Playing Team Sports Encourages Young Girls to Stay Physically Active

Release Date: March 6, 2012 | By Glenda Fauntleroy, Contributing Writer
Research Source: Journal of Adolescent Health

KEY POINTS

  • Middle-school girls who participate in organized and leisure sports average more daily minutes of moderate to vigorous physical activity than girls who don’t.
  • While the amount of physical activity declined for girls between 6th and 8th grade, those who participated in organized sports had the smallest declines.
  • Girls involved in organized sports may provide social support to each other while being active.
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Good news for soccer moms: Girls who join organized team sports at age 11 are more likely to stay physically active as they get older, according to a new study in the Journal of Adolescent Health.

With the escalating number of obese children in the U.S., efforts to increase the level of exercise among youth have garnered much attention. Only about 8 percent of 12- to 15-year-olds meet Federal guidelines of at least 60 minutes of moderate to vigorous physical activity each day, according to past research. What’s more, girls decrease time spent being physically active by about half between the ages of 9 and 15.

Jennifer Trilk, Ph.D., lead author of the study, said encouraging young girls to play organized sports is key to getting and keeping them physically active.

“Sixth grade girls who start out on a community sport team have a greater likelihood of joining the school sport team as their school offers more opportunities in the 7th and 8th grades,” said Trilk of the department of exercise science at the University of South Carolina in Columbia.

“Because they become involved, they develop not only skills related to their sport, but also develop social support and relationships within the team environment that will increase their likelihood of staying on through middle school,” she added.

The researchers analyzed data from 957 girls who participated in the Trial of Activity for Adolescent Girls conducted in six states across the U.S. The girls were measured as 6th graders and again as 8th graders to identify patterns of physical activity and sedentary behavior to see which girls had the most minutes of physical activity and which showed a change from 6th to 8th grade.

The girls were surveyed about their participation in sports teams and reported their general behavior over three days, including time spent doing homework, sleeping, surfing the Internet or playing recreational sports. The girls were placed into clusters by whatever activity they did most frequently. The girls also wore accelerometers to record their physical activity over 6 days.

Sixth grade girls who did either “sports and play” or “organized team sports/lessons” had more daily minutes of physical activity (27 minutes and 25 minutes, respectively) than girls who participated more frequently in other behaviors, such as playing video games (22 minutes). And although by 8th grade, physical activity had declined among all clusters, girls in “organized team sports/lessons” had the smallest decline.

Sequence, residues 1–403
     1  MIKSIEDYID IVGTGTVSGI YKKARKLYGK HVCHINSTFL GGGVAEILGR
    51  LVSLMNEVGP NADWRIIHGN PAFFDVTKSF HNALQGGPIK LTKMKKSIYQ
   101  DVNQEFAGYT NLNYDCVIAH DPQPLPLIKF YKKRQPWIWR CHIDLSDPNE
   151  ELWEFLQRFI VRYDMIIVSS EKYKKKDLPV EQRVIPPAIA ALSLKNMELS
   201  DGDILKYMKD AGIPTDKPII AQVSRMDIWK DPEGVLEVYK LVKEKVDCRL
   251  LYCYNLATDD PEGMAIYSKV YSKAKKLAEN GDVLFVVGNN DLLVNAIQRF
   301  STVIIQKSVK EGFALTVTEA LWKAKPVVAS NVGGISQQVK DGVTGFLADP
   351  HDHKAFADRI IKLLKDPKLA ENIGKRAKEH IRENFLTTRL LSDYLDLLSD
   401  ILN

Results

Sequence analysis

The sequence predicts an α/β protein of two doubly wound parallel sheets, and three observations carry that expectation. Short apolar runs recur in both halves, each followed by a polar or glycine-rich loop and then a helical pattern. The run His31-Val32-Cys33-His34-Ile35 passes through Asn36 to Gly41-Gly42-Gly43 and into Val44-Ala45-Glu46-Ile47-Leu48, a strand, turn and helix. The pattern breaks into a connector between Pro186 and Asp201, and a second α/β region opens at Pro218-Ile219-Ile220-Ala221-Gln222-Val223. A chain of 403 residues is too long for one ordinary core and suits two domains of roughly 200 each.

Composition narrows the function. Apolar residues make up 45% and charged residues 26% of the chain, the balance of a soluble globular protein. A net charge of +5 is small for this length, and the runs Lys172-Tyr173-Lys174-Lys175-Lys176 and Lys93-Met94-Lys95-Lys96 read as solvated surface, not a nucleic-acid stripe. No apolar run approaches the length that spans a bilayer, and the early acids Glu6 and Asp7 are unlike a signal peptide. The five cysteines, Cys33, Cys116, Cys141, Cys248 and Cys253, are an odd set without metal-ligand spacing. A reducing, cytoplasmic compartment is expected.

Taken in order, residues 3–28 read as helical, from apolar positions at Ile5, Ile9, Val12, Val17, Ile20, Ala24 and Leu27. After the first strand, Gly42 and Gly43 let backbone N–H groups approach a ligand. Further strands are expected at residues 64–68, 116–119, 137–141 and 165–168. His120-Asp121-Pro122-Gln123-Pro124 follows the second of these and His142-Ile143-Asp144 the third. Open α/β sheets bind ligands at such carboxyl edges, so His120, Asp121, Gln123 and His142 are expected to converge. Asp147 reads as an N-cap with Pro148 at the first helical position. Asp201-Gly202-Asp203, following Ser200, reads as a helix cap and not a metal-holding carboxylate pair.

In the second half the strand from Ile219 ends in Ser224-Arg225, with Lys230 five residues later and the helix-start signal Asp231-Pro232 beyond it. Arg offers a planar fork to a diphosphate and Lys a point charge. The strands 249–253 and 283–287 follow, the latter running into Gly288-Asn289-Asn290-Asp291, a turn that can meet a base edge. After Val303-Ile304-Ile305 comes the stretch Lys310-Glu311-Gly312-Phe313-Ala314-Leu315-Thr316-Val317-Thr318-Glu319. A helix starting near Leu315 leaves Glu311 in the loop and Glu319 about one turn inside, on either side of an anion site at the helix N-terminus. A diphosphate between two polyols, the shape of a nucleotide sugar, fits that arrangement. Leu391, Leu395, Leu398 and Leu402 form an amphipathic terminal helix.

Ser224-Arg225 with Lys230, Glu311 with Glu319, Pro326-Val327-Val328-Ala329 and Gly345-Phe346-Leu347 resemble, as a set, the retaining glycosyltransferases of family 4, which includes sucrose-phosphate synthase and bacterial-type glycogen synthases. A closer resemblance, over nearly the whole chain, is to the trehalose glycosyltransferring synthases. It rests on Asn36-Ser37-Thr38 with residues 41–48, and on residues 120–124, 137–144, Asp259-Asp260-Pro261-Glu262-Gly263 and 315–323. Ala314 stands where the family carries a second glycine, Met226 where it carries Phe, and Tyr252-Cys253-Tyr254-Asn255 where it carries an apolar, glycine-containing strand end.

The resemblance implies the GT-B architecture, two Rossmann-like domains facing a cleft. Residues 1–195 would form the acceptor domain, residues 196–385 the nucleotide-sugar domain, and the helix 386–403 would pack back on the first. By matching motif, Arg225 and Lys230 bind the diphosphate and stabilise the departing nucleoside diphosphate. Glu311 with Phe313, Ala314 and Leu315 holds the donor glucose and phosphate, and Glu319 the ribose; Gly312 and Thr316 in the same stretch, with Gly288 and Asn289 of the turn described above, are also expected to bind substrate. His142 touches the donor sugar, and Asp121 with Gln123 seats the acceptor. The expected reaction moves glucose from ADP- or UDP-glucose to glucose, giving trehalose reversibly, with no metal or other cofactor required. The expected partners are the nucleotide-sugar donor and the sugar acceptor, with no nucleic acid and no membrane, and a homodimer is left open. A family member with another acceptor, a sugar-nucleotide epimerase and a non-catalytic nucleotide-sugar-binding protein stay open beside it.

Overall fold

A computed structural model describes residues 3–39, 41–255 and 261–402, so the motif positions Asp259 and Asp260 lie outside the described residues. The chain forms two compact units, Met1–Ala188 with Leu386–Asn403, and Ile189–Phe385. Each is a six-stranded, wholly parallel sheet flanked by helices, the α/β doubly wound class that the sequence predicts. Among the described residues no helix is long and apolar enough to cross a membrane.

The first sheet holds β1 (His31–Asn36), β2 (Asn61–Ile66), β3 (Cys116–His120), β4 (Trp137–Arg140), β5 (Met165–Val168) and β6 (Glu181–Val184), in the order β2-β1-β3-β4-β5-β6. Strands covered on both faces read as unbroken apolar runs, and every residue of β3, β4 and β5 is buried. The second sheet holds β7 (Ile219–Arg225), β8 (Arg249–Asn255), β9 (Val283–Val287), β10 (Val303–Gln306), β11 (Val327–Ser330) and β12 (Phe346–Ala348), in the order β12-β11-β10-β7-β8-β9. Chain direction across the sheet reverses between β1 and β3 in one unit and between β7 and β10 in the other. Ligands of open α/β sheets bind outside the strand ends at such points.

“As youth enter adolescence, peers are going to have a very strong impact on physical activity,” said Georgia Frey, Ph.D., associate professor in the Kinesiology Department at Indiana University.

Girls should be taught how to enjoy movement and provided many opportunities for activity that aren’t restricted to competition and teams where the focus is involvement rather than winning, she added.

TERMS OF USE: This story is protected by copyright. When reproducing any material, including interview excerpts, attribution to the Health Behavior News Service, part of the Center for Advancing Health, is required. While the information provided in this news story is from the latest peer-reviewed research, it is not intended to provide medical advice or treatment recommendations. For medical questions or concerns, please consult a health care provider.

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For More Information:

Reach the Health Behavior News Service, part of the Center for Advancing Health, at hbns-editor@cfah.org or (202) 387-2829.

Journal of Adolescent Health: Contact Tor Berg at (415) 502-1373 or tor.berg@ucsf.edu or visit www.jahonline.org.

Trilk JL, Pate RR, et al. (2012). A cluster analysis of physical activity and sedentary behavior patters in middle school girls. Journal of Adolescent Health. In Press.

Tags for this article:
Exercise/Physical Activity   Children and Young People's Health  



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